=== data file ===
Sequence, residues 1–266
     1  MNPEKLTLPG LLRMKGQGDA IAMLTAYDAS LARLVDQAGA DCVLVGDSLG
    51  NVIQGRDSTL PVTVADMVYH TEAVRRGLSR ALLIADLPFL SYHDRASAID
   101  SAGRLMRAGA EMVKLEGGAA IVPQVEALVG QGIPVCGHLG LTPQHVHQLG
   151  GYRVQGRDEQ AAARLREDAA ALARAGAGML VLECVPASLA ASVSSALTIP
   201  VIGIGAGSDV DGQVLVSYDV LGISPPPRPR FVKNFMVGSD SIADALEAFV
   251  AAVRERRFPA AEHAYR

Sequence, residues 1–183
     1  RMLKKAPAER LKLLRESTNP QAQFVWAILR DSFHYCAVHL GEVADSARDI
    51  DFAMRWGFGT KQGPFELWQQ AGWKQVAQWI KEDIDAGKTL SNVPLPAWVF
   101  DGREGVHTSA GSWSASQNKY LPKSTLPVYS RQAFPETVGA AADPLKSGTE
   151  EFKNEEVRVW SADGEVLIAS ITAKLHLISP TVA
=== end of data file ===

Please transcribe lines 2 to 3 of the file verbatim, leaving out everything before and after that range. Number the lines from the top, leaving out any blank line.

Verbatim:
     1  MNPEKLTLPG LLRMKGQGDA IAMLTAYDAS LARLVDQAGA DCVLVGDSLG
    51  NVIQGRDSTL PVTVADMVYH TEAVRRGLSR ALLIADLPFL SYHDRASAID